The fiscal cliff compromise did resolve some outstanding tax issues that would have had a dramatic impact on almost every taxpayer. President Obama signed the American Tax Payer Relief Act of 2012, making permanent the Bush-Obama tax cuts for earners making below the income threshold of $400,000 (individuals) and $450,000 (families). While not the large grand bargain that would have established comprehensive tax reform and changes to dramatic sequester spending cuts, the legislation averts marginal tax rates being raised on 98% of the taxpayers.
Most importantly for the nonprofit arts community, the last minute bargain did not include caps on the value of itemized deductions which possibly could have had a direct impact on charitable giving to the arts. Reinstatement of the Personal Exemption Phaseout (PEP) and Pease provision (which lowers the value of most itemized deductions for yearly earners in the $250,000 individual, $300,000 family income thresholds) was also included in the compromise. This was somewhat a relief to the nonprofit sector as they avoided proposals from the White House and Congress that would have capped the value of the deductions to 28% or created a hard dollar cap in which taxpayers would have to fit all their competing deductions under. Due in part do to pressure the Coalition for Giving (Americans for the Arts is a member) exerted, the administration and congressional leaders seemingly relaxed their approach to finding revenue from this part of the code.
Legislators continue to work on issues surrounding tax reform and long term spending decisions. No specific policies have been translated into legislative language or action - and whether there is the political will to press ahead with comprehensive tax reform while there are so many other pressing deadlines that are not as complicated as addressing the code, is a big question. It can be certain that revenue will again be topic and deductions part of the conversation.
On April 10, the Administration included in their FY 2014 budget request to Congress limiting the value of itemized deductions including the charitable deduction, which nonprofit arts groups rely on as a valuable revenue source.
The IRA Charitable Rollover, which permits tax-free charitable contributions from an Individual Retirement Account (IRA) of up to $100,000 per year for taxpayers 70.5 years old expired on January 1, 2012 after a year-long extension. An extension was granted as a result of the American Taxpayer Relief Act of 2012. Advocates for the provision will push the new congress to consider making it a permanent policy that will remove the age and dollar amount cap. There is no current legislation at the moment.
The Artist-Museum Partnership Act, legislation that would allow creators of original works to deduct the fair-market value of self-created works given to and retained by a nonprofit collecting institution, was reintroduced in the U.S. House by longtime champions Reps. John Lewis (GA) and Todd Platts (PA) as HR 1190 in the 112th session of Congress. It would encourage gifts of visual art such as paintings and sculptures, as well as original manuscripts and supporting material created by composers, authors, and choreographers. Co-sponsorship flagged greatly because of the other issues concerning the fiscal cliff and marginal tax rates in the tax-writing committees and the bill was not seriously considered during last session. Mr. Lewis hopes to reintroduce the legislation this year and find a place for its passage during rumored comprehensive tax reform.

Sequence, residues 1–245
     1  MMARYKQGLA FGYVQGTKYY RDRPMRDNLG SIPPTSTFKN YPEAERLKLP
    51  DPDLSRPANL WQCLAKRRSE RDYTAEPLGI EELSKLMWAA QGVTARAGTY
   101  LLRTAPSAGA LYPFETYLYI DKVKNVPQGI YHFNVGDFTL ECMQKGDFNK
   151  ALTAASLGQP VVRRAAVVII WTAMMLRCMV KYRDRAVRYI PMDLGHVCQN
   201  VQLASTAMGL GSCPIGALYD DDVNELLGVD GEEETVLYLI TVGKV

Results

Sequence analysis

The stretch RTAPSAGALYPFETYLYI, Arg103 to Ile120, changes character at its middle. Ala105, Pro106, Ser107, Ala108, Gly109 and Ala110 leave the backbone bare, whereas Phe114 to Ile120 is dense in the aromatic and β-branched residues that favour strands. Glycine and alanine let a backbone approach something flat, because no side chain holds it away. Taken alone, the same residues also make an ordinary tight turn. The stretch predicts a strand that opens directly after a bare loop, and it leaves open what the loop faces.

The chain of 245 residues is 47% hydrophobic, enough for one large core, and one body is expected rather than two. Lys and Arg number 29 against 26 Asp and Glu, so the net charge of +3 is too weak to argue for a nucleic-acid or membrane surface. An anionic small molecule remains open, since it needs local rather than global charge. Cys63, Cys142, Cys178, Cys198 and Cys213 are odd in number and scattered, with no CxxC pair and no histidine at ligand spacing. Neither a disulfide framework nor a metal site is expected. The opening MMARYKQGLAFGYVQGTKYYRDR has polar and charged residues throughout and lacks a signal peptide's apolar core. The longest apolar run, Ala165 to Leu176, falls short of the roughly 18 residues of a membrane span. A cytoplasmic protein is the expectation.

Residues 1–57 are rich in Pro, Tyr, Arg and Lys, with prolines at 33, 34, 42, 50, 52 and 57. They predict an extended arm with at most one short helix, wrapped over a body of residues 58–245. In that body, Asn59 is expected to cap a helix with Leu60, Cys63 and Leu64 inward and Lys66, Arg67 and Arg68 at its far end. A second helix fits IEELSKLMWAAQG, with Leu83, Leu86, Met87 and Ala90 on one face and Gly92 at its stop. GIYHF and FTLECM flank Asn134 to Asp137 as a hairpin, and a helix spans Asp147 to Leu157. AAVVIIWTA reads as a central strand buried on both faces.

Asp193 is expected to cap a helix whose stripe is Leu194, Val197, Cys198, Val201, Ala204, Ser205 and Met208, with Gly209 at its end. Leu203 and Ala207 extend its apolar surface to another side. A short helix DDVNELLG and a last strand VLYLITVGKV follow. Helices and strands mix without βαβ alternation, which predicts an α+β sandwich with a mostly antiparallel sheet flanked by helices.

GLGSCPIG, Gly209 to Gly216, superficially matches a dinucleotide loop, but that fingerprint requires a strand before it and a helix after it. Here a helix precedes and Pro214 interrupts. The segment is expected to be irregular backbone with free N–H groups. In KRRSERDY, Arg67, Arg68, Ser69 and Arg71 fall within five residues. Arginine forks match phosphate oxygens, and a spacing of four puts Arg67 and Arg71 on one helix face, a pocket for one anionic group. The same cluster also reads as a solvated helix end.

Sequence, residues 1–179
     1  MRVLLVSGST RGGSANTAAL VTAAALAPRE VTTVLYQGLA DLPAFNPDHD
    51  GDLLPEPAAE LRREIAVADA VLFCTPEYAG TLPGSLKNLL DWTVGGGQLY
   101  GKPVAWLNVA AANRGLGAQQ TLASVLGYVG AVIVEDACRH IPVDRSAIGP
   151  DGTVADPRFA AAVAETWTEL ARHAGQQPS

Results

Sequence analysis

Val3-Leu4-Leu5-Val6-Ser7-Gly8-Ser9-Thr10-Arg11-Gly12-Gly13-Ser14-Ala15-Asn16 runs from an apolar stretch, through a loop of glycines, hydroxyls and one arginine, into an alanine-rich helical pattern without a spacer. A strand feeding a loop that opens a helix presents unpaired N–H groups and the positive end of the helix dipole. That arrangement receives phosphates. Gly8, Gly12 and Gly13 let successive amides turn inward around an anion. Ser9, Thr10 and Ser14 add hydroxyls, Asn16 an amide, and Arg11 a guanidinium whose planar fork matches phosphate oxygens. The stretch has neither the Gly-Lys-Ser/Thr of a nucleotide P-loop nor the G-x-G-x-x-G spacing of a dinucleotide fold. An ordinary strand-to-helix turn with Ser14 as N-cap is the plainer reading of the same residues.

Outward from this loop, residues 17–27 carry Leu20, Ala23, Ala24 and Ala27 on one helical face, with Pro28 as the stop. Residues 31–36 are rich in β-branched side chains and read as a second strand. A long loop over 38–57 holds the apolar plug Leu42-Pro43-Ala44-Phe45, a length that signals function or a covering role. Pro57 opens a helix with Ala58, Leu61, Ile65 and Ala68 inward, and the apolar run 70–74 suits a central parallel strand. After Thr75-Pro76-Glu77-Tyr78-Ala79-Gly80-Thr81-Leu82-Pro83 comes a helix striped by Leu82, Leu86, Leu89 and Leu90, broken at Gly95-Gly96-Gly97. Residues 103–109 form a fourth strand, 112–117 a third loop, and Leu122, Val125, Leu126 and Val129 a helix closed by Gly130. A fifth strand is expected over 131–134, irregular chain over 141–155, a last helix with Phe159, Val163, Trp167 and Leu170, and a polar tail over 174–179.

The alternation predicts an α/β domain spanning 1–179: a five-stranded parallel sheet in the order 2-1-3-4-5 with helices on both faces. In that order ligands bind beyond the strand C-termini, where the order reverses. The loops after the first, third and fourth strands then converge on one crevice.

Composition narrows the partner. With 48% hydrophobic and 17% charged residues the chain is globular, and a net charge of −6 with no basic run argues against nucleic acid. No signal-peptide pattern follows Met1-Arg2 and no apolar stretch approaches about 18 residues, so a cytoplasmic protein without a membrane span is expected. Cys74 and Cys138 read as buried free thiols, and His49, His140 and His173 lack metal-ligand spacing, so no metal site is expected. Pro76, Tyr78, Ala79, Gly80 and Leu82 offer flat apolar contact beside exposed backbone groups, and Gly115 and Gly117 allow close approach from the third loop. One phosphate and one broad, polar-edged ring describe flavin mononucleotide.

The Arts Require Timely Service (ARTS) Act, would require the U.S. Citizenship and Immigration Services to expedite nonprofit arts-related organizations visa petitions, Although the bills were not reintroduced in the 112th Congress, arts advocates are working with congressional supporters to introduce in the 113th Congress. Advocates have also been working with the U.S. Citizenship & Immigration agency to file comments and provide direct feedback on O and P visa processing.
Congressional Arts Caucus
Long time co-chair Rep. Louise Slaughter has been joined by Rep. Leonard Lance (D-NJ) as the new co-chair of the caucus in the 113th Congress. Currently the Caucus has 151 members.
Congressional STEAM Caucus
Rep. Suzanne Bonamici (D-OR) and Rep. Aaron Schock (R-IL) are co-chairs of the new bipartisan Congressional STEAM Caucus, which stands for Science, Technology, Engineering, Arts and Math. The Caucus aims “to change the vocabulary of education to recognize the benefits of both the arts and sciences—and their intersections—to our country's future generations. Caucus members will work to increase awareness of the importance of STEAM education and explore new strategies to advocate for STEAM programs.” Currently the Caucus has 24 members.
Senate Cultural Caucus
The Senate Cultural Caucus is led by two co-chairs: Sen. Mike Enzi (R-WY) and by Sen. Barbara Mikulski (D-MD). The caucus has 32 members.